The withheld documents fell into five categories of records. The first category involved communications between representatives of nonparty developer Quadrum Global and plaintiff Simon Baron Development. The communications purportedly conveyed information provided by outside legal counsel. The second category of documents related to information obtained from outside legal counsel for the purposes of evaluating legal claims against defendants, and the third and fourth categories pertained to communications regarding the drafting of the malpractice complaint. The fifth and final category of documents reflected discussions regarding prior and anticipated legal advice, and requests for legal advice relevant to the evaluation of claims in the litigation.

Plaintiffs moved for a protective order exempting the 32 documents from disclosure. 

In seeking protection, plaintiffs conceded that the majority of the disputed documents did not include legal counsel as senders or recipients on the communications. Rather, the senders were businesspersons who, at some point during the communication, referenced legal advice allegedly provided by counsel. Despite not having legal counsel as a participant in a majority of the communications at issue, plaintiffs nonetheless asserted that either the attorney-client privilege, the attorney work product privilege, or the trial preparation privilege applied.

The motion court conducted an in-camera review of the documents. In doing so, the motion court found that “a number of documents contain[ed] communications made by corporate representatives of plaintiff Simon Baron Development which convey[ed] legal instruction or advice.”24 As such, the motion court concluded that those documents were protected by the attorney client privilege.25 

A number of the withheld documents, however, contained information regarding purported legal advice provided to plaintiffs, but communicated through third-party entities who, plaintiffs admitted, were not attorneys and not parties to the litigation. The motion court held that these documents were privileged under the common interest doctrine.26 Pursuant to the common interest doctrine, attorney-client communications disclosed to a third party remain privileged if shared with parties of common legal interest in pending or anticipated litigation.27 

The motion court found that the entities referenced in the withheld communications were interrelated, and the communications at issue “were made for the purpose of discussing the pending litigation, strategies for addressing the litigation, or for preparation of relevant materials for the litigation.”28 As such, the communications between plaintiffs, nonparty entities and non-lawyers were privileged and protected “by virtue of the entities’ common legal interests in the prosecution of th[e] action.”29

Finally, with respect to plaintiffs’ claim of work product privilege, some of the communications were made for the purpose of preparing materials to assist in anticipated litigation, while a number of documents reflected the production of engagement letters and invoices. As to the latter (i.e., retention and engagement letters), the motion court held that such materials were discoverable.30 The motion court also held that “[e]mails merely reflecting the production of invoices and engagement letters generated by defendant should not have been withheld.”31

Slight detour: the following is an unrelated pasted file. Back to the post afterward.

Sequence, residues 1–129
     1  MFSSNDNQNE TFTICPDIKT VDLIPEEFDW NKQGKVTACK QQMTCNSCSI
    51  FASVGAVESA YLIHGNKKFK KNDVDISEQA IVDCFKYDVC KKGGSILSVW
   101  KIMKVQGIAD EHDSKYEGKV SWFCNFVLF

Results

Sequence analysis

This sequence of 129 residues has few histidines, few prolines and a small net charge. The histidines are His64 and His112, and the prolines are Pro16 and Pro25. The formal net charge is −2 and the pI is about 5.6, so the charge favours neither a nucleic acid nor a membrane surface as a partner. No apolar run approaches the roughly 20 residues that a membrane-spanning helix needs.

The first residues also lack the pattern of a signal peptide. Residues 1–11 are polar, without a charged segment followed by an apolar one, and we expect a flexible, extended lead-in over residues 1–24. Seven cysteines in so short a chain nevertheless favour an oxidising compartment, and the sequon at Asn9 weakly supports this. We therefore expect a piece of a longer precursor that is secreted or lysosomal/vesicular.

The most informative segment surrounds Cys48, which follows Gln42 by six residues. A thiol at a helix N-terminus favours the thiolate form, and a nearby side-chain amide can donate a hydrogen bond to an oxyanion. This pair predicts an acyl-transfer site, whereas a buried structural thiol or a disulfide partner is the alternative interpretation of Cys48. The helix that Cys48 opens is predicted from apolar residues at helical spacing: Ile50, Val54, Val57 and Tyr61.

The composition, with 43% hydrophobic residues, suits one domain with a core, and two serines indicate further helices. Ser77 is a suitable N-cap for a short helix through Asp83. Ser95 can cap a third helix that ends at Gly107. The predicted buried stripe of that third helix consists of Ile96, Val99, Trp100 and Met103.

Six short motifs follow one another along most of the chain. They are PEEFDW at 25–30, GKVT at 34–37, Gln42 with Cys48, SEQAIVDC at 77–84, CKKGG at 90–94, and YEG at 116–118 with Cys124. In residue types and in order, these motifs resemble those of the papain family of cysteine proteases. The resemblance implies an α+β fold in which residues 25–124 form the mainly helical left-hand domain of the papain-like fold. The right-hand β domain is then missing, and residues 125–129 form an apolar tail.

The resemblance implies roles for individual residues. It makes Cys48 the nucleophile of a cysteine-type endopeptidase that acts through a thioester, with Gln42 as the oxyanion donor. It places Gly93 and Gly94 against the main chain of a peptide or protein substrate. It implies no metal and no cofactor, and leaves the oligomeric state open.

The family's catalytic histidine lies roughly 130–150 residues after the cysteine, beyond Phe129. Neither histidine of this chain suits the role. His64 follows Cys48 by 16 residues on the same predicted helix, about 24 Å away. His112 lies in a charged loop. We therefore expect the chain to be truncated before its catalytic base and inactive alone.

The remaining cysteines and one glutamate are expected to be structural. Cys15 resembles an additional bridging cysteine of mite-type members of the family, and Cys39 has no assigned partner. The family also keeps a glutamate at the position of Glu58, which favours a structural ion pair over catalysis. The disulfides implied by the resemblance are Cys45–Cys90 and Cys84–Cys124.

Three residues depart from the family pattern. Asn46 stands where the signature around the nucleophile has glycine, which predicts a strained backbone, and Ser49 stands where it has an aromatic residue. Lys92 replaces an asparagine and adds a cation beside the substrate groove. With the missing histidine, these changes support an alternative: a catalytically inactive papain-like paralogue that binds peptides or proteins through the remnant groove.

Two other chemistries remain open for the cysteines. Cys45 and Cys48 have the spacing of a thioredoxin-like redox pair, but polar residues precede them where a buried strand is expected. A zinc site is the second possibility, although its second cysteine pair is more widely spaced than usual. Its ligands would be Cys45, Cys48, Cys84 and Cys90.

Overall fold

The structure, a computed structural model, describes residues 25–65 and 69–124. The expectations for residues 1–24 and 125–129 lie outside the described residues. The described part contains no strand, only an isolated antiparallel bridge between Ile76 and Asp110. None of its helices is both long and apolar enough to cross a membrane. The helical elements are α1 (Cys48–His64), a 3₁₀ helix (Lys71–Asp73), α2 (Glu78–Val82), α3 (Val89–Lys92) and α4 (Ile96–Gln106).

1. We examined these privileges, for example, here, here, here, here, here, and here.
  2. CPLR § 3101(a).
  3. CPLR § 3101(b).
  4. CPLR § 3101(c).
  5. CPLR § 3101(d)(2); see also Spectrum Sys. Intl. Corp. v. Chemical Bank, 78 N.Y.2d 371 (1991).
  6. Spectrum Sys., 78 N.Y.2d at 377.
  7. Id.; Matter of Priest v. Hennessy, 51 N.Y.2d 62, 69 (1980); Matter of Jacqueline F., 47 N.Y.2d 215 (1979).
  8. Delta Fin. Corp. v. Morrison, 15 Misc. 3d 308, 316-17 (Sup. Ct., Nassau County 2007); see also Martino v. Kalbacher, 225 A.D.2d 862 (3d Dept. 1996).
  9. 8 Wigmore, Evidence § 2290 (McNaughton rev. 1961).
  10. See Matter of Vanderbilt (Rosner—Hickey), 57 N.Y.2d 66 (1982).
  11. Rossi v. Blue Cross & Blue Shield of Greater N.Y., 73 N.Y.2d 588, 593 (1989).
  12. Id. at 594.
  13. See United States v. Kovel, 296 F.2d 918, 922 (2d Cir. 1961); see also Westinghouse Elec. Corp. v. Republic of Philippines, 951 F.2d 1414, 1424 (3d Cir. 1991).
  14. See HPD Labs., Inc. v. Clorox Co., 202 F.R.D 410 (D.N.J. 2001).
  15. Delta Fin., 15 Misc. 3d at 316-17 (citations omitted).
  16. Id. (citations omitted).
  17. Id. (citations omitted).
  18. See SCM Corp. v. Xerox Corp., 70 F.R.D 508, 518 (D. Conn. 1976).
  19. Id. (citation omitted).
  20. See Weinstein-Korn-Miller, N.Y. Civ. Prac. ¶ 3101.44 (2d ed.); see also Aetna Cas. & Sur. Co. v. Certain Underwriters at Lloyd’s, 263 A.D.2d 367 (1st Dept. 1999).
  21. Hickman v. Taylor, 329 U.S. 495 (1947).
  22. See generally Koump v. Smith, 25 N.Y.2d 287 (1969).
  23. See Salzer v. Farm Family Life Ins. Co., 280 A.D.2d 844 (3d Dept. 2001); Zimmerman v. Nassau Hosp., 76 A.D.2d 921 (2d Dept. 1980).
  24. Slip Op. at *3 (citing, Delta Fin., 15 Misc. 3d at 316-17).
  25. Id.
  26. Id.
  27. Ambac v. Countrywide, 27 N.Y.3d 616, 620 (2016).
  28. Slip Op. at *3.
  29. Id.
  30. Id. (citing, In re Nassau Cnty. Grand Jury Subpoena Duces Tecum, 4 N.Y.3d 665, 679 (2005); Matter of Priest, 51 N.Y.2d at 69).
  31. Id.

Jeffrey M. Haber is a partner and co-founder of Freiberger Haber LLP.

This article is for informational purposes and is not intended to be and should not be taken as legal advice.